China’s food deficit is only 2,000,000 tons per annum (total consumption 160 million tons)—offset mainly by imports of grain. Yet the little island of Formosa (13,800 square miles, one quarter arable) produced more than 2,000,000 tons of surplus foods (sugar 1.4 million tons, rice 780,000 tons) under Japanese management annually, using only 250,000 tons of fertilizer. This was in 1937, 1938, 1939, and 1940, with concentration on the arable land in Formosa between 1500 and 1800 per square mile. Japanese, South Koreans, and Formosans know how to use fertilizers. Technical advice should be supplied with the fertilizer to Yangtze Valley, South China, Central China (Hankow region), along with cheap financing for farmers for fertilizer purchases, in order to blitz results in all food deficit areas.

Maybe Chile’s aid in this would be necessary—loans by Chile to the areas mentioned, under U. S. or UNO99 guarantees. Part of our own production of surplus fertilizers could be shipped to China. Less shipping space would be required to bring fertilizers than to bring foodstuffs.

3. Victory by Better Economy.

The Chinese Communists can probably only be beat definitively by economic means, by making a superior economy in non-Communist areas, which would thus gradually break down any division line between [Page 724] the two areas. The Communist idea can obviously thrive only in conditions of adversity and want. Confidence would be re-established if it were known that the U. S. has a positive policy and is backing China. The establishment of a stable currency would enable the Chinese to go a long way toward helping themselves and would require a minimum of monetary aid from the U. S. (see Nyi plan, Despatch No. 1556 from the American Consulate General, Shanghai1), once their outlook is made secure. We should combine our aid and Chinese self aid to set up the stability and to blitz the moves which will make for recovery in order to win the economic war, not only with food, but in all other avenues of the economy. We would have to insist in a friendly but firm manner that our ideas (including land reforms) should be followed if we are to supply the needed aid and back China with our moral support, our technical guidance, and a minimum of monetary aid. We would have to maintain controls and make continuing aid contingent upon compliance on the Chinese Government’s part. Our moral positive backing would be worth more than our cash and should result in early repatriation of US$500 million of Chinese flight capital, now deposited abroad, in the influx of US$100 million of cash remittances from Chinese abroad annually in the form of foreign exchange, and in an influx of new American, Chinese-American, and other private capital. If the conditions for private investment are not good, how can loan money from the Export-Import Bank or the World Bank do anything except further pauperize China? Exports would pick up and would to a greater degree finance imports. Even returning Chinese capital should not be encouraged to go into pure money-making schemes at the ports but be directed into improvement in transportation and into essentially productive channels. A few years of this effort would set China so far ahead on the road to recovery that the line of demarcation between non-Communist and Communist areas in China would gradually fade out.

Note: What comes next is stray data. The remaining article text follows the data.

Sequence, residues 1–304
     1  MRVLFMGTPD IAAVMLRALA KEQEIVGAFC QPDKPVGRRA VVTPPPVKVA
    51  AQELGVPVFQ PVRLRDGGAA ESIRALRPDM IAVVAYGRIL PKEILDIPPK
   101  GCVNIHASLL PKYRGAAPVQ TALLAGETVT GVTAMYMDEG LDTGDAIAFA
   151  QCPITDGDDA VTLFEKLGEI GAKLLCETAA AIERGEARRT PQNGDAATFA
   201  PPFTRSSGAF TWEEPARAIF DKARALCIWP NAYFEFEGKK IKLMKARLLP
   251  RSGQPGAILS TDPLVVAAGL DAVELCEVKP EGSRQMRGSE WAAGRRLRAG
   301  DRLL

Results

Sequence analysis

4. China’s Multimillionaires Seek Loans.

There are scores of Chinese projects now seeking Export-Import Bank Loans. The prospective borrowers in many cases have tens of millions of US Dollars stowed away in New York. If they are not willing to risk their own money in their own country, isn’t it a bit “thick” for them to be asking the U. S. taxpayer to take that risk? They have one argument on their side. There is no stability or security in the outlook in China. They will keep their capital abroad and smuggle out their current profits in continuous capital flight until that basis of security is re-established. If we, in collaboration with [Page 725] Nanking, can set up that security, then China’s rehabilitation can proceed with Chinese capital to a large extent. Let us stop pampering and pauperizing the Chinese but help them to earn their own way and pay their own way to success. They are beginning to swing to this view themselves. The British crisis shows them that there is large demand elsewhere upon the U. S. for aid, and that there is at least a psychological bottom to the American barrel if not a real bottom.

A. Bland Calder
  1. United Nations Organization.
  2. Not printed.